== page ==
On December 5, in Yessentuki in the Stavropol Territory in Southern Russia near Chechnya, there was another terrorist attack. The terrorists bombed a commuter train, killing over 40 people and injuring more that 120.
Several leads are being examined. The main lead - and it is being examined by investigation first of all - is that Chechen militants on orders from Shamil Basayev, a well-known terrorist, carried out the attack. A few days before the attack, Basayev made hostile statements and threats on a Web site. He threatened everyone, including Chechens living in Moscow, trying to make them leave the Russian capital.
These statements were insulting and humiliating.
Another lead, which cannot be completely ruled out is that this happened on the eve of the elections of the heads of a number of Russian regions and the deputies of the State Duma (December 7). Those who ordered the terrorist act could pursue the aim of intimidating the population of Southern Russia and frustrating elections there in order to show that the situation in Russia, especially in its southern regions, is unstable.
Lastly, the third lead is linked with "the tendency", which appeared in Russia recently, to settle accounts with one's political opponents by staging terrorist acts. Considering that elections were drawing near, this lead should not be ignored either. However, the December terrorist act bears a strong resemblance to the bombing of another commuter train in the Stavropol territory - on September 3 this year. It left four dead and 50 injured.
It is difficult to speak about the leads of the terrorist act in greater detail - let investigation do this. However, one can already draw some conclusions without waiting for its results.
The impression is that Russia, like Israel, is "being conditioned" to terrorist attacks. In Israel, it has already become customary for every resident to take note of all suspicious things and immediately react to them. In Russia, people often believe in the "off chance." It is hardly correct. The whole population, not just the security services, must be on their guard to prevent a tragedy. It is not a matter of everyone informing on everyone, but all should be vigilant. Russia has not learned this yet.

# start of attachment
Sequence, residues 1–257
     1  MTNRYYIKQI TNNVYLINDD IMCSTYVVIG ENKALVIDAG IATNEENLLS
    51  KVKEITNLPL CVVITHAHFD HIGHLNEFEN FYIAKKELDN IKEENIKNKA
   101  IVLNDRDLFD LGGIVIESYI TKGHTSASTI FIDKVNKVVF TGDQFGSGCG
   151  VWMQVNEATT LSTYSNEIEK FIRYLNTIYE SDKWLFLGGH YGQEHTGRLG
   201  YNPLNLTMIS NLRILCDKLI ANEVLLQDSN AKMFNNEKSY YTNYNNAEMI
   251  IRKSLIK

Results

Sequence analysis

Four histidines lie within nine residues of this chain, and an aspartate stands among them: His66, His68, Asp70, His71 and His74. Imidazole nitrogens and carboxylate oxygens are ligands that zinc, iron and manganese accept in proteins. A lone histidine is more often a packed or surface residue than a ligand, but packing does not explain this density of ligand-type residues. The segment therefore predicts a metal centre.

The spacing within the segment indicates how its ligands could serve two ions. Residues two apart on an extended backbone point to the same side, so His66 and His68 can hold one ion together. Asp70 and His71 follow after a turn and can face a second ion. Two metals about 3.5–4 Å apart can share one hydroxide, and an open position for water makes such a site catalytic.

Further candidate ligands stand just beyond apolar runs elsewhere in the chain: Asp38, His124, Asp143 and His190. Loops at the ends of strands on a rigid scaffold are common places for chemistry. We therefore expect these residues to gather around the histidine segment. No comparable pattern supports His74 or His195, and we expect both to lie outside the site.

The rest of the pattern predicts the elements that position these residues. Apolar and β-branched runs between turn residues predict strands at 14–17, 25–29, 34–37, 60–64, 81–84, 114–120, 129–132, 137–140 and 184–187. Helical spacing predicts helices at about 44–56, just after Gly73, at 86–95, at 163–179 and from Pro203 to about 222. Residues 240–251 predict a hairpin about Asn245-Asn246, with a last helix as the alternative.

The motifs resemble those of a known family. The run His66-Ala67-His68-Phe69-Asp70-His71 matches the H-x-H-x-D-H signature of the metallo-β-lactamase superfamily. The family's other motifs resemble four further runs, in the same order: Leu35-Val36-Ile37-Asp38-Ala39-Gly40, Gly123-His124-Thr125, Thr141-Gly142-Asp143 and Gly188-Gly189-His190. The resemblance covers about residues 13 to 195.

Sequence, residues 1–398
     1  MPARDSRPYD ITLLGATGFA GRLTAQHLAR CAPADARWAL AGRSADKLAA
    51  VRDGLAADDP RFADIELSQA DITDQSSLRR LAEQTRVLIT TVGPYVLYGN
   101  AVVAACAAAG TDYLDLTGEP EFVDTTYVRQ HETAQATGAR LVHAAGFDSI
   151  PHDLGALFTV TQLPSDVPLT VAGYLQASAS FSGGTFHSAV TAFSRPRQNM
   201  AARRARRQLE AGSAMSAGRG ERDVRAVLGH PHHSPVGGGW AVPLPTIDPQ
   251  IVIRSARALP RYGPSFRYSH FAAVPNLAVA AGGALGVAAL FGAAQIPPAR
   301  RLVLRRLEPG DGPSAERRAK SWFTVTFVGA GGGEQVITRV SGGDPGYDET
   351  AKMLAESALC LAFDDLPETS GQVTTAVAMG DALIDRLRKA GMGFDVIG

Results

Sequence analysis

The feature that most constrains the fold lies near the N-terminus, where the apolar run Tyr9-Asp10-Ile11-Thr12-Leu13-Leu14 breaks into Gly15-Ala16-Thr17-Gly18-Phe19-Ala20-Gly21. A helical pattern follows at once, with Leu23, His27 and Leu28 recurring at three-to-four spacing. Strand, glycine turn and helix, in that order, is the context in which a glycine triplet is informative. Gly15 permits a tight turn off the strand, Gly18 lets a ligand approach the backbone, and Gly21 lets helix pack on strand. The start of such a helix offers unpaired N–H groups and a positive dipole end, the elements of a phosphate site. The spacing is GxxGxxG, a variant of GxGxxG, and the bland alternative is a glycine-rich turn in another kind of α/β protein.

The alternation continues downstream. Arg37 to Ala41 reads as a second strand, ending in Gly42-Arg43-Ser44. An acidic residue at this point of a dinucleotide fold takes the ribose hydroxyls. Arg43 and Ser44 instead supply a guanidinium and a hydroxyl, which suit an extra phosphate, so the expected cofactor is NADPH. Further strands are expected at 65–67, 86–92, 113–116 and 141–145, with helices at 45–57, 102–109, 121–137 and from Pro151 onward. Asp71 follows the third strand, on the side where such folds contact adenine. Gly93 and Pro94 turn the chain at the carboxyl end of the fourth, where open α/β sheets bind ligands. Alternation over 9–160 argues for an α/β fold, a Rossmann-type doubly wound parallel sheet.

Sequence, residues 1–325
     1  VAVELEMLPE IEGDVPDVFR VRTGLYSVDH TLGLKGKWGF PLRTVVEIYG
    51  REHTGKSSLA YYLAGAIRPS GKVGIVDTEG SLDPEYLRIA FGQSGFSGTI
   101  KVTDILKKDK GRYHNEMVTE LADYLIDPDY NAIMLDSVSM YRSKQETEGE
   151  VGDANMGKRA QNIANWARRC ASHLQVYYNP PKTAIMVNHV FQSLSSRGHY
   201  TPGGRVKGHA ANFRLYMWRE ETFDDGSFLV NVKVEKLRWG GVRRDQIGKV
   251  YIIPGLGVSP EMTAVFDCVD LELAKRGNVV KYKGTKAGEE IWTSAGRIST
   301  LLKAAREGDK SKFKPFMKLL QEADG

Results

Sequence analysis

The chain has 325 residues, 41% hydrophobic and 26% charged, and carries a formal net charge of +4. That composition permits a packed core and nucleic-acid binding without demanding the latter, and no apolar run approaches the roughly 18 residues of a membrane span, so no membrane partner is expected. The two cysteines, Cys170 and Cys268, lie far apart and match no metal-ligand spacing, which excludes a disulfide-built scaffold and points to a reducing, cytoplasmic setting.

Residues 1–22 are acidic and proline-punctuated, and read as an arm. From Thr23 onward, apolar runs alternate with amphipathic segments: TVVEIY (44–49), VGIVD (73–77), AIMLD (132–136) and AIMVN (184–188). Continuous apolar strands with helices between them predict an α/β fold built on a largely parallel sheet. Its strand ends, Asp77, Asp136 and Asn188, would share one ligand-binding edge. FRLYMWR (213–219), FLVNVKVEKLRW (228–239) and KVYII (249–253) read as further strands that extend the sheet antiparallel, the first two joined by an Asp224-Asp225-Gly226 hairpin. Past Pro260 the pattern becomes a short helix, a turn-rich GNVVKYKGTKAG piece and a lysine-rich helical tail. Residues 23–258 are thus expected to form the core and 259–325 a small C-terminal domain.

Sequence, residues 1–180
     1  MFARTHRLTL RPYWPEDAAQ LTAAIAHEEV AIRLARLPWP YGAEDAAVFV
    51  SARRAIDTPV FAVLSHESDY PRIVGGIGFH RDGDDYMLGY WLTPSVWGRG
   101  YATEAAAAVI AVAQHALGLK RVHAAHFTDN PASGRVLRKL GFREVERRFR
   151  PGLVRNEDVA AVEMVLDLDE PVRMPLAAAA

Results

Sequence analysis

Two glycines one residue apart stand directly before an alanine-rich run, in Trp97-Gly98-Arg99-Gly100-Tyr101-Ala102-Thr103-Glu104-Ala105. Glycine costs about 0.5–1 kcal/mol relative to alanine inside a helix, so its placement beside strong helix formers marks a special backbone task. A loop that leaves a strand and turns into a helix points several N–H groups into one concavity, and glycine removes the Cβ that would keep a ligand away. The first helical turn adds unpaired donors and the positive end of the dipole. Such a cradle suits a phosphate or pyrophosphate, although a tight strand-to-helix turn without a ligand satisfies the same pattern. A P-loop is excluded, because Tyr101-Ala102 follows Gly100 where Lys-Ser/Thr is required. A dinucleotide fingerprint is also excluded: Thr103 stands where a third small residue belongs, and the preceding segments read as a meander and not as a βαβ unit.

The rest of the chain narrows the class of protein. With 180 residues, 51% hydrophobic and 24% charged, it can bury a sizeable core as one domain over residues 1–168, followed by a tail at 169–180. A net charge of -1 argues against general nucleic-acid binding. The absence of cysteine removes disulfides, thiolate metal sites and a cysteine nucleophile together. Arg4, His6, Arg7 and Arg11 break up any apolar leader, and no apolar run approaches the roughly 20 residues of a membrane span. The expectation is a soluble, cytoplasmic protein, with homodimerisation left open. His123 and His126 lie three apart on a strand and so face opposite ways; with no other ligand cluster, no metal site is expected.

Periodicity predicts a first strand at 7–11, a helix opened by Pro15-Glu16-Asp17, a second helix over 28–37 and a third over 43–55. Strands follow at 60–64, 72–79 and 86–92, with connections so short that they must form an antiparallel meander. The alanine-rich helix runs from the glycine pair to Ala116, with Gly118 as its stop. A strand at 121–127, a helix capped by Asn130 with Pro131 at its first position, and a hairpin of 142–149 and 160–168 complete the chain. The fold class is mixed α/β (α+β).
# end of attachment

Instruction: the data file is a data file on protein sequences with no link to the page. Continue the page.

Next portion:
Another conclusion is that terrorism is the most dangerous problem of our time. Certainly, terrorists must be eliminated. It is equally important to end the social problems that produce the "human material" for terrorist acts. One problem is the high unemployment rate among young people, which, in the case of Russia, is widespread in the southern regions. The continued violent re-division of property, like in Dagestan (a Caspian republic in the North Caucasus), where property has been divided by explosives and weapons for many years, also fosters terrorism.
Can the threat of terrorist acts be fully eliminated? I think that this question is absurd because for this, the world needs to do away with corruption and crime, something that even such powerful states as the USA cannot do.
However, if law-enforcement agencies cannot destroy the mafia, they can well establish control over it. Criminals - not doers - organize attacks to make money. They should not be allowed to have their way. Russia needs the experience of the United States, Japan and China, which have learned to effectively freeze the finances of criminal groups.
Lastly, there is one important point, which has long been worrying me: Can those who commit terrorist acts in Russia be equated with members of the Chechen opposition who have not laid down their arms and are resisting federal forces? I think that there is some truth in the question so posed. But members of the Chechen opposition cannot be fully equated with terrorists.
Many people in the Chechen opposition have taken up arms because they have failed to find a niche in peaceful life, or are avenging family members and friends who died in combat operations and security sweeps. They are not terrorists. Most want to return to a peaceful life and the way to it should not be closed for them.
Many terrorists are brainwashed and do not know what they are doing. They are told: "Here are your enemies, they are responsible for your problems, kill them!" Some, unfortunately, believe this lie. These people are just doers.
"Pure" terrorists, or the organizers of terrorist attacks, organize terrorist attacks for money. It is known that well-known international terrorists would come to the Caucasus to make money and run away. Every action should be taken to stop them.
By Aslambek Aslakhanov, assistant to Russian president
Up to 16,000 military men of the Armed Forces of Ukraine have been entrapped near the towns of Severodonetsk and Lysichansk